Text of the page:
Hannibal and Jack

While “Relevés” doesn't give us an emotional Hannibal, it does open the door into the character's mind far more than in past episodes. His interactions with Du Maurier show us Hannibal at his most worried, as he questions the doctor over what she told Jack regarding the death of her former patient - a death in which he almost certainly had a hand. Hannibal’s decision to finally end his fascination with Will by implicating him in the copycat murders show us how cold and calculating he can be. Finally, and perhaps most chillingly, Hannibal telling Abigail “I am sorry I couldn’t protect you in this life” shows us that even though he clearly cares for Abigail and desires to protect her, he isn’t above removing anything or anyone who may cause him harm.

Just as the story has built upon itself throughout the season, so have Hannibal's various layers. While Will Graham may be the show’s hero, Hannibal is its title character. As such, as the show has progressed, so has Hannibal (even more than Will, despite Will sometimes receiving the lion’s share of screen time). With Will about to be backed into a corner, I find it hard to believe that Hannibal will make it out of the season unscathed. But even if he gets his just desserts in the finale, I have every faith that the show and its writing team will still be able to further explore Hannibal’s layers from prison.


Final Thoughts

-- It's great to see Ellen Muth back as Georgia, and to actually see her this time rather than have her unrecognizable under make-up.  It's not so great to see her burnt to death, but I guess we all knew that was coming when she walked in on Hannibal.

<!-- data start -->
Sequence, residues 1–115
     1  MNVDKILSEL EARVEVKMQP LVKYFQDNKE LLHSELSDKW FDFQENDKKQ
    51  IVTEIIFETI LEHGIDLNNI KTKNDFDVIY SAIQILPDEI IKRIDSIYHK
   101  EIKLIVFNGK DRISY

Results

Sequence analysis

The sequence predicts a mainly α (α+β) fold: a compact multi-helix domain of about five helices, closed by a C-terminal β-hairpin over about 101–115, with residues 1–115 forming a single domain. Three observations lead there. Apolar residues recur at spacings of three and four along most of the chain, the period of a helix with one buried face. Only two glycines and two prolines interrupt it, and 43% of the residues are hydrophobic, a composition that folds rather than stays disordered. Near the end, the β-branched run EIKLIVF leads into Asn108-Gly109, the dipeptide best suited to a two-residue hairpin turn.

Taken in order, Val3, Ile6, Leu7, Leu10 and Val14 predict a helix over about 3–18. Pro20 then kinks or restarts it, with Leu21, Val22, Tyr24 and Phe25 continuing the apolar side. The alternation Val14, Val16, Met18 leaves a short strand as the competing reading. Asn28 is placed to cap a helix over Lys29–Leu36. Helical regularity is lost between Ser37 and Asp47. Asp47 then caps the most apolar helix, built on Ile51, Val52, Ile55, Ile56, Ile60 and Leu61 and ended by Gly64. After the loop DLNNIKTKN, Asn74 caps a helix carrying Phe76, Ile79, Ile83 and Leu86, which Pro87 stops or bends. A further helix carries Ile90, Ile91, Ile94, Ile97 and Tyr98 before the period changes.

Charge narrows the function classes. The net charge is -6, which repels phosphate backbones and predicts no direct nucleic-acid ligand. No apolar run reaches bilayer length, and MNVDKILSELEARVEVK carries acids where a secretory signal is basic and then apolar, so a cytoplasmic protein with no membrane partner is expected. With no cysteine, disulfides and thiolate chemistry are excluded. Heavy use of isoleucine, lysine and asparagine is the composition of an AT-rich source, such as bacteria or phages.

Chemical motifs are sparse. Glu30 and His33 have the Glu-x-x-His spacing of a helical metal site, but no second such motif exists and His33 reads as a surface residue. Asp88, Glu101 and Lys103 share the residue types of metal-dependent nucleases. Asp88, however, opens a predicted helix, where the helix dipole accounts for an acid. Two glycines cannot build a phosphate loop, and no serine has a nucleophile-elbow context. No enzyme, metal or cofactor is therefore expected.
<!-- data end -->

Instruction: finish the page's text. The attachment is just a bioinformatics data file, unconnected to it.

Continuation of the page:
-- For as much grief as she causes the FBI, Freddie is pretty good at reading people. She pegs Abigail as Nick Boyle’s killer pretty quickly - something the BAU team isn't able to piece together nearly as fast.

-- I find it hard to believe no one in the hospital thinks to do a CT scan on Will when he's complaining of a high fever, lost time, and hallucinations. While I understand treating the fever first, isn't a CT scan one of the tests you’d run with those symptoms?

-- Now that it’s pretty clear Hannibal had a hand in the death of Du Maurier’s attacker, the question becomes how much does Du Maurier know of Hannibal’s extracurricular activities? And would Hannibal sacrifice her as quickly as he is sacrificing Abigail.

-- Mikkelsen’s portrayal of Hannibal is particularly strong in this episode. Despite knowing it was only a manipulation, I actually start to believe him when he begins to convince Jack that Will might be the copycat killer.

-- Finally, poor Abigail. She made it so far, only to end up one of Hannibal’s victims, although I highly doubt she will become a five-course meal for him as well. However, her death should finally point Will to Hannibal as the killer, giving us the showdown we’ve known was coming since episode one.



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About / Bio
TV critic based in Chicago. When not watching and writing about awesome television shows, I can be found lamenting over the latest disappointing performance by any of the various Chicago sports teams or my beloved Notre Dame Fighting Irish. Follow me @JeanHenegan on Twitter.